The Douglas Club was located at 7917 Cedar Avenue in Cleveland. Its name, sometimes spelled Douglass, suggests that it may have derived from the famed abolitionist Frederick Douglass. The club opened at an unspecified date in the early 1930s and reportedly started on East 40th Street before moving in 1935 to the Cedar Avenue location that would later appear in the Green Book. The club, according to one ad, operated for “members and guests,” so its inclusion in the Green Book, so it is unclear how visitors using the guidebook might gain entry to the club. It seems possible that simply mentioning the Green Book may have been sufficient. After the Douglas Club moved to Cedar Avenue, it was headed by Walter Ellis. A native of Muncie, Indiana, Ellis came to Cleveland in 1922 and worked as a waiter before opening a barber shop and later becoming a jukebox distributor.
In the 1930s-40s, the club featured jazz and cabaret floor shows, as well as meetings of political and fraternal organizations. The club also became noted for its dinners. In the late 1930s, Margaret Ray prepared foods that included breaded pork chops, shack fried chicken, ham and mustard greens, and “the famous Douglas Club Hamburger.” By the late 1940s, Dorothy Gritney cooked for the club, still offered “country style food” and “positively the largest hamburger you’ll ever eat—for only 30 cents.” The 1950 census listed Gritney, whose husband was a postal carrier, as a restaurant proprietor. The Douglas Club, like other popular Cleveland clubs, also had its own sports teams, specifically bowling and baseball. The club’s baseball team had the name “The Drunkards” and played some of its games in the Brecksville Metropolitan Park (now Brecksville Reservation).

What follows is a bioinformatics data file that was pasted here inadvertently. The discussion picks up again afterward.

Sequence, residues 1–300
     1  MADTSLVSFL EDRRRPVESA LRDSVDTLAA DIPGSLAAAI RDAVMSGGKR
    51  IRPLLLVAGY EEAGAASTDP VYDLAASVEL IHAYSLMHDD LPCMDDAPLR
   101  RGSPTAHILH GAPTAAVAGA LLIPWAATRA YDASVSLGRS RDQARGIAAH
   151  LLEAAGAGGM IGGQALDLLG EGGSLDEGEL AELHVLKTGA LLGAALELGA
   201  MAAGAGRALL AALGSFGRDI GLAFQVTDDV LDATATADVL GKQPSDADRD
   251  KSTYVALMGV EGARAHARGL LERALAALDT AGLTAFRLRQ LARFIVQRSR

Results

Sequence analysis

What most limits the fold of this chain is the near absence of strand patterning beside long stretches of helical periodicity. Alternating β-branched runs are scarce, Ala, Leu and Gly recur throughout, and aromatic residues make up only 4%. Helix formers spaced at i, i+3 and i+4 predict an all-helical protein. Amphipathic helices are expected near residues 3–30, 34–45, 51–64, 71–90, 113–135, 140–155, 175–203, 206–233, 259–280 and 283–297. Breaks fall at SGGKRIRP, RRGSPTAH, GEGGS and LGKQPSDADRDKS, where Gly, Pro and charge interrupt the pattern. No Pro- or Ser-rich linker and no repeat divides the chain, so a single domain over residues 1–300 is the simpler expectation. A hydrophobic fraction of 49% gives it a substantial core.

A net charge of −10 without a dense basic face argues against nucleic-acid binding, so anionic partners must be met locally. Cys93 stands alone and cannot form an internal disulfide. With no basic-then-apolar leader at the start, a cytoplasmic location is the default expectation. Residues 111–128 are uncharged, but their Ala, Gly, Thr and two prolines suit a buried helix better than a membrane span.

After Walter Ellis died in 1947, his younger brother James A. “Jimmy” Ellis served as president and manager of the Douglas Club until his death in 1971, at which time his wife Elizabeth Ellis took the helm. The club was still open at this location at least through 1983, and although it is unknown when the Douglas Club closed, it clearly left a mark on Cleveland.
Green Book Details
Douglass Club appears in the Green Book under the name “Douglass” from 1946 to 1955 under the category Night Clubs.
- “Arthur Williamson New Manager of the Douglass Club.” Call & Post. January 30, 1936.
- “Bobbing Along with Bob Williams.” Call & Post. September 17, 1949.
- “Boydston Post’s Cabaret Party at Douglas Club.” Call & Post. March 5, 1936.
- Dorthy I. Gritney, 1950 U.S. Census, Cleveland, Cuyahoga County, Ohio, E.D. 92-921. National Archives and Records Administration.
- Douglass, Bud. “Douglas Club ‘Drunkards’ Bow to 12 Counts 10-4 in Brecksville Slugfest.” Call & Post. August 8, 1942.
- “Douglass Club Holds One Game Lead In ‘A’.” Call & Post. March 20, 1943.
- “Douglas Club Offers Regular Dinner Menu.” Call & Post. September 28, 1939.
- “Jimmy Ellis Dead at 57.” Call & Post. January 23, 1971.
- Lee, C. E. “Gadding About with the Night Hawks: The Swanky Douglass Club.” Call & Post. September 1, 1934.
- “Music For Members At Remodeled Douglas Club.” Call & Post. April 17, 1971.
- “Walter Ellis Buried In Indiana After Monday Night Service Here.” Call & Post. August 30, 1947.